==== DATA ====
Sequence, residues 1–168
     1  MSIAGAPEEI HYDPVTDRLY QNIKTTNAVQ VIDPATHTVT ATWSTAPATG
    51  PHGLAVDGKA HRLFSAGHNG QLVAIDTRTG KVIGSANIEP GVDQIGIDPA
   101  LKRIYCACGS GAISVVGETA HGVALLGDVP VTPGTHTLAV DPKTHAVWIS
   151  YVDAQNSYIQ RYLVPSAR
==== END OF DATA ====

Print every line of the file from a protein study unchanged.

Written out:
Sequence, residues 1–168
     1  MSIAGAPEEI HYDPVTDRLY QNIKTTNAVQ VIDPATHTVT ATWSTAPATG
    51  PHGLAVDGKA HRLFSAGHNG QLVAIDTRTG KVIGSANIEP GVDQIGIDPA
   101  LKRIYCACGS GAISVVGETA HGVALLGDVP VTPGTHTLAV DPKTHAVWIS
   151  YVDAQNSYIQ RYLVPSAR